For those who want to climb Kilimanjaro, it’s important to be well prepared. Climbing to the summit - Uhuru peak - and back usually takes over six days. You’ll be crossing five different ecological zones from arctic desert to rainforest. Each has its own microclimate and weather conditions change rapidly. Strong sunshine may give way suddenly to pouring rain, fog or even snow on Kilimanjaro. Temperatures range from well below freezing at night on the summit, to over thirty or forty degrees centigrade in the burning sun. You will trek for six hours or more every day. Good, comfortable footwear is essential and has to cope with all of these conditions. In this article we’re going to look at the best boots for climbing Kilimanjaro, features you need to look out for, and advice for maximizing their effectiveness.
Cheap boots for Kilimanjaro trek are available in the towns. Photo by Catrin
If you don’t already own a pair of quality boots for Kilimanjaro that are suitable for its conditions, you need to get hold of a pair. Although some people go wearing lightweight trail shoes, and indeed the porters who tend to wear ratty trainers, problems can arise if you run into any kind of difficulty. It’s the summit days that you will most appreciate a pair of proper trekking boots on Kilimanjaro, when the terrain gets much rockier and can be icy. It’s better to be safe than be sorry, and maximize your chance of comfort. Although you can buy really cheap boots ( in Tanzania in the trekking towns), it’s generally a bad idea. Material and build quality will be low, they may not be durable enough, and above all, they’re likely to be less comfortable. Investing a decent amount of money in your trekking boots is vital (unless there is a deal). But you don’t need to buy very expensive boots for Kilimanjaro unless you are planning on keeping them for years, there are perfectly affordable good quality boots out there which are suitable for a hike like this.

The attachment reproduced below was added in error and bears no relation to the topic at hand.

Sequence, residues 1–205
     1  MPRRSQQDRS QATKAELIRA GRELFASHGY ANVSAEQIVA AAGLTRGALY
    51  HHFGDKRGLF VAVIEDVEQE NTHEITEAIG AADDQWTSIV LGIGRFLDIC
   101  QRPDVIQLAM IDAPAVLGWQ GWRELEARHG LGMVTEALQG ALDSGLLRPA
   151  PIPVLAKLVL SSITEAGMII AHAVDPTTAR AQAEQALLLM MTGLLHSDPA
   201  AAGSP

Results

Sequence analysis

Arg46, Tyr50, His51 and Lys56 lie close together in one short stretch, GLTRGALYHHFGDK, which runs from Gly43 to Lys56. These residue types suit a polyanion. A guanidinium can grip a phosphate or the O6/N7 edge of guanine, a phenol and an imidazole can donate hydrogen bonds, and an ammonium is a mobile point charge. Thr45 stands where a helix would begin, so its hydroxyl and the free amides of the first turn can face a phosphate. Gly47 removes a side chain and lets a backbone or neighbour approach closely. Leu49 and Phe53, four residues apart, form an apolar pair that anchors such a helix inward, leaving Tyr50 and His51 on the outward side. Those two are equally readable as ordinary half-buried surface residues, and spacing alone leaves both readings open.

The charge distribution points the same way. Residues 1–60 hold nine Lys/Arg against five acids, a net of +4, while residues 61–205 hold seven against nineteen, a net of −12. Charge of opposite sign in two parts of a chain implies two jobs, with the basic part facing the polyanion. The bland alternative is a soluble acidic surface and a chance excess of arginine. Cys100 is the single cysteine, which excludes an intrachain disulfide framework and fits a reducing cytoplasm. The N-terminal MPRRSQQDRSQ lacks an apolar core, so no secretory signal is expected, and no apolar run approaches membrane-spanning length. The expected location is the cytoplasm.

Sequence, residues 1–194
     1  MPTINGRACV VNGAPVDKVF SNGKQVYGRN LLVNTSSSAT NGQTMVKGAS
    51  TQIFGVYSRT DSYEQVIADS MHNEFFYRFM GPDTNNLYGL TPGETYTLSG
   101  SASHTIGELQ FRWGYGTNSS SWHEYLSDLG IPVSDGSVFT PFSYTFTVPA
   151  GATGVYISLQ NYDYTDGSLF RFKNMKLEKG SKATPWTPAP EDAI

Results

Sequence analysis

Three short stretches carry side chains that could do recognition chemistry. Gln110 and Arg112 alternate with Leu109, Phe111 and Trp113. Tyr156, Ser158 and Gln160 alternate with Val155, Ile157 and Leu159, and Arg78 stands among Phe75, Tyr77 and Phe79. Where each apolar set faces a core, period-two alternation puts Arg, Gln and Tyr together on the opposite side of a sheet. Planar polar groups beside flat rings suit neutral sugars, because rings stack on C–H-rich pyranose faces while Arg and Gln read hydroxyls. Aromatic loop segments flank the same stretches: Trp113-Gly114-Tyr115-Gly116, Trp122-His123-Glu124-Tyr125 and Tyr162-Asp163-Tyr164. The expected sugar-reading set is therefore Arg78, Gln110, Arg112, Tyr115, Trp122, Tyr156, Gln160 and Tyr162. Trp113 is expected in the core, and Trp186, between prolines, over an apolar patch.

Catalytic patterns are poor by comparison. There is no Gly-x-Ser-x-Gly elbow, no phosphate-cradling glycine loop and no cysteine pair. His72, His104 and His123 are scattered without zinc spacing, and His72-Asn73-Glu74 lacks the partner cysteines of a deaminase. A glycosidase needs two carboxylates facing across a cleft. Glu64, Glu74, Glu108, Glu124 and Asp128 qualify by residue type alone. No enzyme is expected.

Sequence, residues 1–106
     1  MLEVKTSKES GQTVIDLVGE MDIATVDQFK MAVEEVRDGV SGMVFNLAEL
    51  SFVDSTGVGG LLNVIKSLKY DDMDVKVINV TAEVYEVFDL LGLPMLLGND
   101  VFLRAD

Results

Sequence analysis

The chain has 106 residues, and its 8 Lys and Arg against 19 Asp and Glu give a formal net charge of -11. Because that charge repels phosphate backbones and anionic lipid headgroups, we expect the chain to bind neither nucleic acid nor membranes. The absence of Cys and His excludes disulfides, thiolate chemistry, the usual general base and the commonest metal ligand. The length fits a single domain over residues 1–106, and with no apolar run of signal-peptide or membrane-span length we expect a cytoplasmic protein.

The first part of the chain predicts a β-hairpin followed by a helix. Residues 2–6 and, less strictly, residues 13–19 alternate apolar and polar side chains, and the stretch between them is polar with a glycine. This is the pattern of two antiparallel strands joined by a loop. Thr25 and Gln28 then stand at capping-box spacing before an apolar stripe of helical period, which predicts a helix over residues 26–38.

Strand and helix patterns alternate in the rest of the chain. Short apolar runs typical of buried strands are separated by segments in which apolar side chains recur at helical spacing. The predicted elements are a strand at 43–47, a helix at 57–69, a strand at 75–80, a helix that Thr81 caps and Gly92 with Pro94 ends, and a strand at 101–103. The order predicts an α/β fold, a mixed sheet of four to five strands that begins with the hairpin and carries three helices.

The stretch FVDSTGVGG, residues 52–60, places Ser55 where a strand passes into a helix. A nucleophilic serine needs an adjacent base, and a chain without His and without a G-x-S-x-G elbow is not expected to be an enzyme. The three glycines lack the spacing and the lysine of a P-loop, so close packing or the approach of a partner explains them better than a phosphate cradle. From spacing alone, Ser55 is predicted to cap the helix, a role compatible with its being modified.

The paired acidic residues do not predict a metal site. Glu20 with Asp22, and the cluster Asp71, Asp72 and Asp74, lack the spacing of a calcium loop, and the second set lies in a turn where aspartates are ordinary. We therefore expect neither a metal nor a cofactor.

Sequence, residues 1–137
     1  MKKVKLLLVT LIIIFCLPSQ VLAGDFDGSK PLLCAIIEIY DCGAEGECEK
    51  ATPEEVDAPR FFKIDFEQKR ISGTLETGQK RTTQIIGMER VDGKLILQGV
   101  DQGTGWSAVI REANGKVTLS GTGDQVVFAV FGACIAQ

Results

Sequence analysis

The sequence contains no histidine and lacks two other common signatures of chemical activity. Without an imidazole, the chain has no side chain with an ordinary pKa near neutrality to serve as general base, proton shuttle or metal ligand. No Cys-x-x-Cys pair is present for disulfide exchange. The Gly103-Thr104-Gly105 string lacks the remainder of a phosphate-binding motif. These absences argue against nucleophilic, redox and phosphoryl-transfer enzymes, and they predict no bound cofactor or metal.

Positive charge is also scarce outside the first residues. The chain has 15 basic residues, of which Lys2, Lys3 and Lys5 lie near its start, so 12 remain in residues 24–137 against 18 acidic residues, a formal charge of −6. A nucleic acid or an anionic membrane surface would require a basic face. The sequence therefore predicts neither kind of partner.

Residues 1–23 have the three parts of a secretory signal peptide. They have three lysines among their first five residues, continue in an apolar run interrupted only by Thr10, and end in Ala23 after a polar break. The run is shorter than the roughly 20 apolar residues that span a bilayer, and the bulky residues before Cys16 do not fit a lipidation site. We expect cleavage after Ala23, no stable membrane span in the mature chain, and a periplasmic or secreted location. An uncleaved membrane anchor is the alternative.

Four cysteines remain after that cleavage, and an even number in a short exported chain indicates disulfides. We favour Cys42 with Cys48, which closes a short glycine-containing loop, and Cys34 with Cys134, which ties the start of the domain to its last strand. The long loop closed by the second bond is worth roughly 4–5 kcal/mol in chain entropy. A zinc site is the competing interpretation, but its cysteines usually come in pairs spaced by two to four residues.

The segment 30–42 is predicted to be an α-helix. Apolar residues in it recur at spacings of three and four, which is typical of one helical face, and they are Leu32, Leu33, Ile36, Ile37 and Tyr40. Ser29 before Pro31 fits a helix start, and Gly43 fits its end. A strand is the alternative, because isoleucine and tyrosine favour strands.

If you have a mediocre pair of hiking boots you may not notice it if you only do the occasional day hike. They might be a bit uncomfortable or poor in some way, but it’s liveable. The problem with the Kilimanjaro trek is that you will be wearing them every day, all day for a week or more - spending at least half of that time climbing uphill. Getting wet boots and feet is miserable and can cause other problems like rubbing and blisters. Poor support for the foot or ankle can cause injury or strains. Uncomfortable boots, or ones which don’t fit properly, will become very painful to wear after a day or two. Blisters and other foot sores are not only painful but can become infected. Misery from foot problems can really spoil your trek, and it won’t just go away, you’ll be stuck with it for days and days. Consider that a small investment in a decent pair of boots for Mt Kilimanjaro can potentially save you being miserable throughout your “Once in a lifetime Adventure”A good pair of trekking boots for Kilimanjaro can minimize or eliminate all of these problems - do yourself a favour or you’re likely to regret it!
For most Kilimanjaro treks, regular hiking boots are fine. You shouldn’t need hard, sturdy mountain boots unless you are trekking off-season or taking one of the few routes with rougher terrain - check in advance what the terrain is like. It’s typically better to go for a medium-weight boot over a heavy one as it’s much more tiring and uncomfortable in this type of terrain to take a heavy mountain boot. Some people do the trek in trail running boots but this is risky as unless you have strong ankles you stand the risk of ankle damage - and they also offer little protection against the elements. It’s safer to stick with regular trekking boots on the Kilimanjaro hike.
Your boots need good, solid grip on the outsole (the boot’s underside). Terrain is varied on the trek, from muddy or dusty tracks to sharp rocky paths. It can get slippery it it’s icy or wet. Look for medium or deep grips (known as lugs) on the sole designed for mountainous terrain. Generally, they are made from rubber-based materials. Vibram
is a particularly well-respected brand of sole material for mountainous trekking.
Ankle support is an important feature in you trekking boots for Kilimanjaro. Photo by Barney